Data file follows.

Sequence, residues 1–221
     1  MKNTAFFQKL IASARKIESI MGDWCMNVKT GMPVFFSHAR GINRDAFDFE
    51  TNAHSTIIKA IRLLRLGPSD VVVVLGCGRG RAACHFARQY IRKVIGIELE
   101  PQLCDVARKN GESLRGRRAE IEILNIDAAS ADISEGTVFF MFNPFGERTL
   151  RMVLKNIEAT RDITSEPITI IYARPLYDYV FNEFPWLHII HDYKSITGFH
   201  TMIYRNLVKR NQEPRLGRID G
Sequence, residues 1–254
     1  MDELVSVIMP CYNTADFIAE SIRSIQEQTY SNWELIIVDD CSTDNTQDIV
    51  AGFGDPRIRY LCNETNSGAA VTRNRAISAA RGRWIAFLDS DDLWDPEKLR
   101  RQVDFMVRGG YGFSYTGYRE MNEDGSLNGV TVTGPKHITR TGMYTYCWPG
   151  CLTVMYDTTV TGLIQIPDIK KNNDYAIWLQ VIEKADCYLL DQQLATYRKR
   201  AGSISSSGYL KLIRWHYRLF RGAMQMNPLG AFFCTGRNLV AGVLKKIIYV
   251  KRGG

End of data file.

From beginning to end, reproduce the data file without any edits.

Sequence, residues 1–221
     1  MKNTAFFQKL IASARKIESI MGDWCMNVKT GMPVFFSHAR GINRDAFDFE
    51  TNAHSTIIKA IRLLRLGPSD VVVVLGCGRG RAACHFARQY IRKVIGIELE
   101  PQLCDVARKN GESLRGRRAE IEILNIDAAS ADISEGTVFF MFNPFGERTL
   151  RMVLKNIEAT RDITSEPITI IYARPLYDYV FNEFPWLHII HDYKSITGFH
   201  TMIYRNLVKR NQEPRLGRID G
Sequence, residues 1–254
     1  MDELVSVIMP CYNTADFIAE SIRSIQEQTY SNWELIIVDD CSTDNTQDIV
    51  AGFGDPRIRY LCNETNSGAA VTRNRAISAA RGRWIAFLDS DDLWDPEKLR
   101  RQVDFMVRGG YGFSYTGYRE MNEDGSLNGV TVTGPKHITR TGMYTYCWPG
   151  CLTVMYDTTV TGLIQIPDIK KNNDYAIWLQ VIEKADCYLL DQQLATYRKR
   201  AGSISSSGYL KLIRWHYRLF RGAMQMNPLG AFFCTGRNLV AGVLKKIIYV
   251  KRGG